Skip Navigation

Main sections

Skip section navigation (navigation may have changed)

Due to the lapse in government funding, only websites supporting excepted functions will be updated unless otherwise funded. As a result, the information on this website may not be up to date and the agency will not be able to respond to inquiries until appropriations are enacted.

Updates regarding government operating status and resumption of normal operations can be found at

Section navigation logo

How does bullying others hurt you?

Two disgruntled looking girls with their backs to eachother.

Being bullied hurts, but bullying other people often comes with its own problems. For example, kids who bully are more likely than other kids to get in trouble in school — and with police.

Here are some facts about kids who bully:

  • When they get older, teens who bully are more likely to hurt their spouse or child.
  • People who bully often get involved in unhealthy behaviors, such as smoking and using drugs or alcohol.
  • Bullies often don’t do as well in school and are more likely to drop out.
  • Kids who bully may have power and status, but may not be liked very much.
  • Childhood bullies may have emotional problems as adults.
  • Kids who bully are more likely to think about and attempt suicide.

Kids sometimes bully because they are having trouble at home or have a hard time handling their feelings. If that sounds like you, talk to an adult you trust, like a parent, teacher, or school nurse.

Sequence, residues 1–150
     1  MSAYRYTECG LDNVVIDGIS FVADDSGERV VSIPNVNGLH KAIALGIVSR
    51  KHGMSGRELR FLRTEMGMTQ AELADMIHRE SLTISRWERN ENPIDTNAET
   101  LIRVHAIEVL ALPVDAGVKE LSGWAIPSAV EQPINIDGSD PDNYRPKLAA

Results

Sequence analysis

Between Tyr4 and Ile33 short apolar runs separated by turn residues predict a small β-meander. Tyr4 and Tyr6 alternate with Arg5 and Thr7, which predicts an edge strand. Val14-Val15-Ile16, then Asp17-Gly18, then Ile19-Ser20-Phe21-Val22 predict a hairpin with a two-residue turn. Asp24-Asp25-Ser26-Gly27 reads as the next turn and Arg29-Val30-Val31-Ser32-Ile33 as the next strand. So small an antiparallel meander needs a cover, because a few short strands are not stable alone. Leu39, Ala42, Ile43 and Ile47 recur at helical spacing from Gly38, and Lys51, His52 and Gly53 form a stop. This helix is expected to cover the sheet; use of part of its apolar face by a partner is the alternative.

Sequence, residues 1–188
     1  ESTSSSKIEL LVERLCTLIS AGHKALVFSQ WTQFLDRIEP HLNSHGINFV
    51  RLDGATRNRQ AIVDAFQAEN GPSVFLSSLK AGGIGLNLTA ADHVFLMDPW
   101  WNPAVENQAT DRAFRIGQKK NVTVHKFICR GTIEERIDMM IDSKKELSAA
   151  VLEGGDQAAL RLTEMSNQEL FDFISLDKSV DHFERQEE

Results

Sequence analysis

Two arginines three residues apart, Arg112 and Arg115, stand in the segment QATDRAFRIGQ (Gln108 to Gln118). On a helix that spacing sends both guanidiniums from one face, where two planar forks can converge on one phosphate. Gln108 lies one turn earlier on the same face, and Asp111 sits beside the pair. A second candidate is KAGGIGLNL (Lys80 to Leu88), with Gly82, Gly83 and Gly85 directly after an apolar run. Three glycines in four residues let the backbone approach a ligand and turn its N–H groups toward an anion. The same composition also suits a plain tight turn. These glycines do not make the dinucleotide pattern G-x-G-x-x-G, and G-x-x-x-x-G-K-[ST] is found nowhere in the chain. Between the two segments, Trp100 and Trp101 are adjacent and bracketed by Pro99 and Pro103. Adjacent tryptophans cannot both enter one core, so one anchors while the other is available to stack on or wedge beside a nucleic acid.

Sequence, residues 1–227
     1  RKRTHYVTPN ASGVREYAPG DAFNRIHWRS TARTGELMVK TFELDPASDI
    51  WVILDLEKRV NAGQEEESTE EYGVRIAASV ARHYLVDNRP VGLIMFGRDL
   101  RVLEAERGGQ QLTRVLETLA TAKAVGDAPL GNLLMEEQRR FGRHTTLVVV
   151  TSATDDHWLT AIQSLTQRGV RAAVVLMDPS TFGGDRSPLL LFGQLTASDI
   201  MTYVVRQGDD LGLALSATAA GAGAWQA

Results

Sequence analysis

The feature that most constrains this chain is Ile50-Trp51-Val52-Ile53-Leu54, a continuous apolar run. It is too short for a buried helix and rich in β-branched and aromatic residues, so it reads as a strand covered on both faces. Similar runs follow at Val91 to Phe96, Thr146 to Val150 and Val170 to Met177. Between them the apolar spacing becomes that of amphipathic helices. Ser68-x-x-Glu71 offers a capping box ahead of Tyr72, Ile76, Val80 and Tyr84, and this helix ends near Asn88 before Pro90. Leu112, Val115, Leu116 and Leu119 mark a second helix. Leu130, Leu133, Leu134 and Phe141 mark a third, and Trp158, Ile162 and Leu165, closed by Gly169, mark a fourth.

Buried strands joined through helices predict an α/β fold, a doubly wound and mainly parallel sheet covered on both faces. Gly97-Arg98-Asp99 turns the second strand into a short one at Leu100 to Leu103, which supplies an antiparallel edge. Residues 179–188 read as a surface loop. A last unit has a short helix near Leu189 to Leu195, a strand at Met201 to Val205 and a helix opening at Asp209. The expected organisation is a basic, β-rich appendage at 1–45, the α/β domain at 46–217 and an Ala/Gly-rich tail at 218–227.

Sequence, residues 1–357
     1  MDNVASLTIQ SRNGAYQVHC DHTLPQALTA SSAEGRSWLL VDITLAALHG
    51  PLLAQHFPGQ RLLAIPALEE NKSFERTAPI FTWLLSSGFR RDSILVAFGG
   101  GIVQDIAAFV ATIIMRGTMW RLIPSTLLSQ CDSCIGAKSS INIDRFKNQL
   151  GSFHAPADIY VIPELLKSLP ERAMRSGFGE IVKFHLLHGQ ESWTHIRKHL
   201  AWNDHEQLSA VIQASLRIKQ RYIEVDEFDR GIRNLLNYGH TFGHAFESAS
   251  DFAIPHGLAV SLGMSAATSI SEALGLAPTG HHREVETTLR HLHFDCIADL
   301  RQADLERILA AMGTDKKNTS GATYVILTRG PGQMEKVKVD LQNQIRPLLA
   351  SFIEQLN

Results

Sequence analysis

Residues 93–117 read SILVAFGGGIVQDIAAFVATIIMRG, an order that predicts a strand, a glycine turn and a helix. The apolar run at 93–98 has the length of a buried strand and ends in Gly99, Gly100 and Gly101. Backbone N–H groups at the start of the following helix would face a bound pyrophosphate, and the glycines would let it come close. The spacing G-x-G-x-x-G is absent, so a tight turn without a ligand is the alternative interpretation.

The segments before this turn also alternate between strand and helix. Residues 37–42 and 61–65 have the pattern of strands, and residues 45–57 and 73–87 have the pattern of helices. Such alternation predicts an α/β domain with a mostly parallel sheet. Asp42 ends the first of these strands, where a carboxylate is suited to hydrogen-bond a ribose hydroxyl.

Bullies also may feel bad about themselves. You can learn more about having good self-esteem. If you have been mean to others, it’s never too late to change. Check out some tips for how to stop bullying.

top green border

A girl stops bullying

"I made a real effort to get to know people I wouldn’t normally spend time with and found out how wonderful these people were. I made so many real friends. I knew these people wouldn’t stab me in the back or talk bad about me when I wasn’t around.

I apologized to everyone I had made fun of. This was the most difficult task for me. It meant I had to admit I was wrong. It meant I had to admit that they were bigger, better people than I was. But I knew it had to be done, not just for my own sanity, but because I knew I would feel so much better if those girls who had tortured me would only apologize.

My senior year, my year of change, was one of the best of my life. I made so many new friends and found out that you don’t have to be mean and hurtful to have good friends. I was more popular being respectful and kind to others than I would have ever been had I stuck with being mean."
–Anonymous, Age 21

Source: Odd Girl Speaks Out by Rachel Simmons

bottom green border


Content last reviewed April 15,2014
Page last updated August 28, 2014